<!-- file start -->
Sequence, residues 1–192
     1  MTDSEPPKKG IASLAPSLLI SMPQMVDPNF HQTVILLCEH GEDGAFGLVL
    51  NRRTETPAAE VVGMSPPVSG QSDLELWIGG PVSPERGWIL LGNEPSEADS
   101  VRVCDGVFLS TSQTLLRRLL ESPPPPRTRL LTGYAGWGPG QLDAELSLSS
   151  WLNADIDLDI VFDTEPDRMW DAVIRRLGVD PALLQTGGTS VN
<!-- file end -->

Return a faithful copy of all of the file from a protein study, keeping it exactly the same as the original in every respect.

Sequence, residues 1–192
     1  MTDSEPPKKG IASLAPSLLI SMPQMVDPNF HQTVILLCEH GEDGAFGLVL
    51  NRRTETPAAE VVGMSPPVSG QSDLELWIGG PVSPERGWIL LGNEPSEADS
   101  VRVCDGVFLS TSQTLLRRLL ESPPPPRTRL LTGYAGWGPG QLDAELSLSS
   151  WLNADIDLDI VFDTEPDRMW DAVIRRLGVD PALLQTGGTS VN